Hundreds march in Nepalese town for same-sex marriage
Participants dance during a gay rally in Pokhara 200 kilometres from Katmandu, Nepal, Friday, Aug. 3, 2012. (AP / Niranjan Shrestha)
Published Friday, August 3, 2012 9:18AM EDT
Last Updated Friday, August 3, 2012 4:57PM EDT
POKHARA, Nepal -- Gays, lesbians, transgender people and their supporters marched in a Nepalese town Friday to demand recognition as a third gender in citizen certificates, to allow same-sex marriage and to criminalize discrimination based on sexual preference.
Dressed in colorful clothes, laden with beads and other jewelry, they danced to Bollywood music played over loudspeakers as they marched for about 3 kilometres (2 miles) though the centre of Pokhara, a resort town 200 kilometres (125 miles) west of the capital, Kathmandu.
Sunil Babu Pant of the Blue Diamond Society, a group which supports sexual minorities in Nepal, said the rally was an opportunity for people to come out.
"The rally gives us an opportunity to seek the support of the public and be more visible in the society. There are more and more people coming out in the open and this rally gives them a chance," Pant said.
Pant, a former parliament member, has been campaigning for rights of sexual minorities to be written the in new constitution, which was being written by the Constitution Assembly before it expired earlier this year. A new assembly is scheduled to be elected in November.
Nepal's Supreme Court ruled in 2008 that the government should issue citizenship certificates with a third gender. The government said it would, but the process is taking time.
Pant said those seeking the third gender certificates were not able to get jobs or passports, enrol in colleges and own property because of the delay and the government was not doing enough to help out their community.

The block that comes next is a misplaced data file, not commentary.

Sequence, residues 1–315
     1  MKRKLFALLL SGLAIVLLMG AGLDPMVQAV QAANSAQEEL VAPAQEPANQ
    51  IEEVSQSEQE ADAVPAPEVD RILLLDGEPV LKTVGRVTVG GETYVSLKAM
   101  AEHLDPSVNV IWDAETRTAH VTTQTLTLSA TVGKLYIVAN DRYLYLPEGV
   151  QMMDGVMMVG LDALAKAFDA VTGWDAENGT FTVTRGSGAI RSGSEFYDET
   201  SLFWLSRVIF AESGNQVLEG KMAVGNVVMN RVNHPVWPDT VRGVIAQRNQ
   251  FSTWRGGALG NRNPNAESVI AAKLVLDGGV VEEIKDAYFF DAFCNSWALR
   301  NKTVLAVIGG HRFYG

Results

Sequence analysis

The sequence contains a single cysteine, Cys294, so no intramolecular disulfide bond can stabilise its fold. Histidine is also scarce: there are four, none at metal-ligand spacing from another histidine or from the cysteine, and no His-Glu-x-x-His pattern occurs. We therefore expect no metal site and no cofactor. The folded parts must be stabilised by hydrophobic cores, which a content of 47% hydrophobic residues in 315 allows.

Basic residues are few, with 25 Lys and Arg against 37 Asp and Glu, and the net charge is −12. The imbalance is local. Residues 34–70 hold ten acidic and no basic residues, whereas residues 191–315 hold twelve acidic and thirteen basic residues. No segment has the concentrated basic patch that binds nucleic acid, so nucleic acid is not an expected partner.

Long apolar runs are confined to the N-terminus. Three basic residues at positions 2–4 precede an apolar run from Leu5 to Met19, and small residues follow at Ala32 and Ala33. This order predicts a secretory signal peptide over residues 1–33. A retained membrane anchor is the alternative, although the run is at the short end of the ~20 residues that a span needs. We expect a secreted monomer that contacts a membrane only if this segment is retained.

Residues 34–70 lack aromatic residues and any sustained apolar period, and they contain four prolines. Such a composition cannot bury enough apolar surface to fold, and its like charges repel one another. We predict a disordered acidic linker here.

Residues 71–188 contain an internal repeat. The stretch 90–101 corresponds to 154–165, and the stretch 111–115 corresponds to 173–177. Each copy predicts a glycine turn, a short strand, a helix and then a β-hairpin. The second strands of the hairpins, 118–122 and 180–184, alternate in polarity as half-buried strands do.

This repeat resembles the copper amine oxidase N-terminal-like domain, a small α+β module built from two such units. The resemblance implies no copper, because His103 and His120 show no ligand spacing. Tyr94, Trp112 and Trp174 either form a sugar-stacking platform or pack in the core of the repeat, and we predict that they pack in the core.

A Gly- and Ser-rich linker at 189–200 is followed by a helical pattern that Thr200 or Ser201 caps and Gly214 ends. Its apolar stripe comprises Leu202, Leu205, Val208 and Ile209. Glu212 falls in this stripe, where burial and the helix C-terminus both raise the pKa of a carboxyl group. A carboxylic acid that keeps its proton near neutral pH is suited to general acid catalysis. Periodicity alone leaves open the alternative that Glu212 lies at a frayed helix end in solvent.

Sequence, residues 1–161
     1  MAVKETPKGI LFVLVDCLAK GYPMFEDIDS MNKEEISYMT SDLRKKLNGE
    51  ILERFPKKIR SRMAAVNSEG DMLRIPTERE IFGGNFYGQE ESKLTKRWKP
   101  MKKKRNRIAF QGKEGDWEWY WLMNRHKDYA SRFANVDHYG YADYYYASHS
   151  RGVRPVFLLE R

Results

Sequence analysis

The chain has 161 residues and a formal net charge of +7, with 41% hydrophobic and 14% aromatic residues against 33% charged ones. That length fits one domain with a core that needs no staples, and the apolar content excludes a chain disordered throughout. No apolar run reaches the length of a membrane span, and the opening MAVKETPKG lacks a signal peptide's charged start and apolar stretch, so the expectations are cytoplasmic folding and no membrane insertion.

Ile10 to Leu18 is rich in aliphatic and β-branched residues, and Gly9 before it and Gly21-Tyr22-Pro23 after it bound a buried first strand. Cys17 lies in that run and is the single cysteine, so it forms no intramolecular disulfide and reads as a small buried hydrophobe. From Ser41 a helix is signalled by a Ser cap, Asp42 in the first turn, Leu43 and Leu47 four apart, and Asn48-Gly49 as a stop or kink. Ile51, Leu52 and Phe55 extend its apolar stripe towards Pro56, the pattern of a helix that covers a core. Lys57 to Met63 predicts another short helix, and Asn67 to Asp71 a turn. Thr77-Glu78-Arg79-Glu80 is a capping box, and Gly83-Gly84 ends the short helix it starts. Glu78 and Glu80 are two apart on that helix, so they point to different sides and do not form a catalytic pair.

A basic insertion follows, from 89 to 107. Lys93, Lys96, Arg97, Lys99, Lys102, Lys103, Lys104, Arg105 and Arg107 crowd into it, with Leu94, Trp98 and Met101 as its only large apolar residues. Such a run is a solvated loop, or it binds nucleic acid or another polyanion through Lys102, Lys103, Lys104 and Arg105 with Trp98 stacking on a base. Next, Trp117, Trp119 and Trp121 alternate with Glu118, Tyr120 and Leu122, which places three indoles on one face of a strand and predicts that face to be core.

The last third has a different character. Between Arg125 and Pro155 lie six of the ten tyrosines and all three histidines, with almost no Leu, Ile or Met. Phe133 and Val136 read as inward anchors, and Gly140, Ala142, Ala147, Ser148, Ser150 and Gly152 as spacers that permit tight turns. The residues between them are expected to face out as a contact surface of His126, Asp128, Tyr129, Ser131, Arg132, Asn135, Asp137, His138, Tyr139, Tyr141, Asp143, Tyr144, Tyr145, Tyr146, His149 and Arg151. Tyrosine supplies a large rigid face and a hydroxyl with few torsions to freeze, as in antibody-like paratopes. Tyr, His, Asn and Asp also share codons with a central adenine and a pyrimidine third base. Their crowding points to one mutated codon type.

Basu Guragai, 26, who recently announced he is gay and joined the rally for the first time, said thousands of gays in Nepal are afraid to come out in the open fearing their friends and family.
"The gay community in Nepal wants same-sex marriage laws. We want to live as a couple with other men and that should be allowed legally," Guragai said.
As the estimated 2,500 participants marched along the streets of Pokhara, many residents cheered and lined along the street. There was no trouble at the rally.
Sunita Gurung, a convenient store clerk, said it was the first time she had seen such a rally and so many transgender but she did not have any problems with what they were demanding.
"It is their personal choice and if they want that way of life, they should be able to have it," Gurung said.
Nepal is considered a conservative nation where most people are Hindu and many still follow traditional beliefs. Most marriages are still arranged by parents and extended families all live together.
It was only after the fall of the monarchy and election of a Constituent Assembly in 2008 that the sexual minorities began to demand rights. Pant's appointment in the assembly was considered a milestone for the community.